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What does it mean to truly inspire a young person?

From Words to Action
By Mawi Asgedom

The Challenge

Have you ever heard the following statements: "Take control of your mind; You need a winning attitude; If you put your mind to it, you can do anything?"

I'm pretty confident that most of us have heard many variations of these statements. But what does it mean to "Take control of your mind?" Think about a 13-year-old being told by a teacher or a parent, "Your mind has unlimited power." What does that statement mean to the student?

Unfortunately, as good as they sound, vague platitudes such as "Take control of your mind" do little to help our young people develop their internal skills. Most young people need us to show them HOW to take control of their minds, a much harder task than simply telling them to do so.

Let's take a step back and examine how U.S. schools generally handle internal development/character education. Without a doubt, most schools recognize the importance of mindset. We find in almost every school, a Citizenship Day, or a Character Counts Committee, or a community outreach event such as a food drive. We also find posters around the school extolling the value of hard work, respect, positive attitude, etc. No one can deny that our schools’ various efforts deserve recognition.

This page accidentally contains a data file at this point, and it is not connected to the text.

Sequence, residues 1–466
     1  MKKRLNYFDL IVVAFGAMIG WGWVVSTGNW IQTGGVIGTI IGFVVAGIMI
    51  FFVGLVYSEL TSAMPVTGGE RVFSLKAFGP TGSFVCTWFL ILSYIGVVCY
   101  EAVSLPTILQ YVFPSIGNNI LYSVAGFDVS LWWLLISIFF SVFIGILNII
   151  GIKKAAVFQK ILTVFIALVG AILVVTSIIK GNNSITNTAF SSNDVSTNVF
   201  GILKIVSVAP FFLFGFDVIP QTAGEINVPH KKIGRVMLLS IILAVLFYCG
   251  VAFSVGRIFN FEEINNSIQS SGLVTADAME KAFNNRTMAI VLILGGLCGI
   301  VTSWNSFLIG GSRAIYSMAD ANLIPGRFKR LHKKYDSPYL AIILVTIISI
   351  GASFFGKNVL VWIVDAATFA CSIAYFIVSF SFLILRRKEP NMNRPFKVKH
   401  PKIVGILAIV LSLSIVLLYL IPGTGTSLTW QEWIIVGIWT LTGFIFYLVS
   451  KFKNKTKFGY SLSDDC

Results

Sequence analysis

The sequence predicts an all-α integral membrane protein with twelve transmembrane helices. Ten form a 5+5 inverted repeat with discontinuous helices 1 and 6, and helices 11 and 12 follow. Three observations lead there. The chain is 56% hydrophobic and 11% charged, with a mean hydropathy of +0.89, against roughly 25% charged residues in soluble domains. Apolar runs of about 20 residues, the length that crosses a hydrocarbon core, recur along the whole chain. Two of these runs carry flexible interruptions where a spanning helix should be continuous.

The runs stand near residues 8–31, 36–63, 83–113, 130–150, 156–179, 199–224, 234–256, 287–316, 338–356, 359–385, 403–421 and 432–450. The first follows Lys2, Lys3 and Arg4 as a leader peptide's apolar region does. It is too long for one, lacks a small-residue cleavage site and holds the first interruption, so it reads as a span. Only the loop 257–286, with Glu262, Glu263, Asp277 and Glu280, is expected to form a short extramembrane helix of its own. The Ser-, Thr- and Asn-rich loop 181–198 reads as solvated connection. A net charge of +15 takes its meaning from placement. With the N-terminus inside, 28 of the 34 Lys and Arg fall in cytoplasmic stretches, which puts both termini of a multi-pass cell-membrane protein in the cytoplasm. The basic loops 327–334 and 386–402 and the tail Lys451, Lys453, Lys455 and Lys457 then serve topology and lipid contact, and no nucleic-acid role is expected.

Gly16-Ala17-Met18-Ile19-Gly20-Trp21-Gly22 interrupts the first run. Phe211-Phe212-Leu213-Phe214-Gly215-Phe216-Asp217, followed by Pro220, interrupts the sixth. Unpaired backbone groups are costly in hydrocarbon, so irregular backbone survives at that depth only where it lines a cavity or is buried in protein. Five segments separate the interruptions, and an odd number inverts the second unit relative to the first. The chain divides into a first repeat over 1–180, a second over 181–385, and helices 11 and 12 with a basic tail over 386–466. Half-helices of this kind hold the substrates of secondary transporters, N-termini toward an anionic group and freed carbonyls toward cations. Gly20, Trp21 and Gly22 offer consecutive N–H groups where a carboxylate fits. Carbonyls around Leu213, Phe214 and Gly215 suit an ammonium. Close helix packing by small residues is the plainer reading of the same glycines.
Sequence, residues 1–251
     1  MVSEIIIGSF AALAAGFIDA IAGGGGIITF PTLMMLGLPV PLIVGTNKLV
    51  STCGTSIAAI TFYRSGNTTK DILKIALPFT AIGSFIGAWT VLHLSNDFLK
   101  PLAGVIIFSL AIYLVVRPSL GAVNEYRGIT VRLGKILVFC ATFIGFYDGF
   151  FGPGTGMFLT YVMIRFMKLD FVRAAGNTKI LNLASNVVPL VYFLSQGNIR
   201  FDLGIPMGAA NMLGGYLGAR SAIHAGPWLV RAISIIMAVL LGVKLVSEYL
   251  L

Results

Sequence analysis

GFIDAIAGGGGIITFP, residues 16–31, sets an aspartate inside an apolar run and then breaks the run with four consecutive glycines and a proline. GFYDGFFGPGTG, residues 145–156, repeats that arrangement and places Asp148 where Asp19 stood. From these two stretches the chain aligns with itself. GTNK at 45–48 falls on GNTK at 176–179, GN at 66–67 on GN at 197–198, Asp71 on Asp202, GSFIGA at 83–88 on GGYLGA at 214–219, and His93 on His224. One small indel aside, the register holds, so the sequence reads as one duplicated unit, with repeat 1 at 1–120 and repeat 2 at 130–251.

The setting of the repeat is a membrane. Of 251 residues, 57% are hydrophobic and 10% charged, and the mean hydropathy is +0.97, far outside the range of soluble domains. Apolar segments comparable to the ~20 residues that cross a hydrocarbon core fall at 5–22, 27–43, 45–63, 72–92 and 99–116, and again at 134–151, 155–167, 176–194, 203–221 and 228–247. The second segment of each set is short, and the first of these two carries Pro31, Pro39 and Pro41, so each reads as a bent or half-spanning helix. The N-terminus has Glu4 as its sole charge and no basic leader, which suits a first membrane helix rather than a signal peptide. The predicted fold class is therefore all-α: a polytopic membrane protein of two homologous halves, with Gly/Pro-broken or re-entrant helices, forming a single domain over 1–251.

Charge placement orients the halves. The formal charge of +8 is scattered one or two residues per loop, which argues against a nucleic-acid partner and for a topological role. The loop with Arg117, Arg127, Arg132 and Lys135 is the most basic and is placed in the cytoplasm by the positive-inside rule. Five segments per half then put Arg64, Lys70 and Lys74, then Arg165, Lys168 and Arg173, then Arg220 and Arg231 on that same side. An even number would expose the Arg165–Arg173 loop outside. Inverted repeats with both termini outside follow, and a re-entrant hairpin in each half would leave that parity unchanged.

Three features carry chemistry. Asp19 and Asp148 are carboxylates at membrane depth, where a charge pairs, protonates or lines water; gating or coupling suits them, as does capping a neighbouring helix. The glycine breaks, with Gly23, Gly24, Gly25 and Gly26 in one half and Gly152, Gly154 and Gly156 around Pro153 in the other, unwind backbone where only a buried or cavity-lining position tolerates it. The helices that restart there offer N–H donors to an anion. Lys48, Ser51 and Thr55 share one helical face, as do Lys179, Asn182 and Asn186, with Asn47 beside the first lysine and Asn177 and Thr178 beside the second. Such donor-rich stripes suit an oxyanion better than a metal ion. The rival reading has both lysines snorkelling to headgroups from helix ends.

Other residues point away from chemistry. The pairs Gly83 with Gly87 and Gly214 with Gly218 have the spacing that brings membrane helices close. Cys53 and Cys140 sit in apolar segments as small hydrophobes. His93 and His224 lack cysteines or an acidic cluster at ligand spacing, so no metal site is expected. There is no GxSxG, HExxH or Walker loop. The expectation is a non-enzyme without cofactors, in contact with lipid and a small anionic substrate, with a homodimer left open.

By and large, however, schools fall far short of actually showing students how to develop internally, and actually GUIDING them to any significant level of inner mastery. Why? Why it is so hard to provide effective inner education?

In my work with more than 1000 schools and 500,000 students this past decade, I've identified the following three key obstacles to teaching internal development/character education. These three obstacles can be overcome to show students how to really “take control of their minds” and instill the confidence, discipline, and self-respect necessary for academic and personal success.

The first obstacle is that the very concept of inner development is hard to measure. I can tell whether you answered a math problem correctly or whether your English paper was written well. But how do I measure 4 units of initiative or 8 units of perseverance. What does a 93% for character mean? Because it's hard to measure and there's no definitive paradigm that conclusively defines inner development, schools often seesaw between different approaches. Let's learn about courage day. Two months from now, let's do goal setting. Let’s bring in a speaker on diversity. All these efforts are indeed laudable, but they lack a precise, logical methodology that gives students a clear, comprehensive structure for understanding their internal powers and how those internal powers can help them in their daily lives.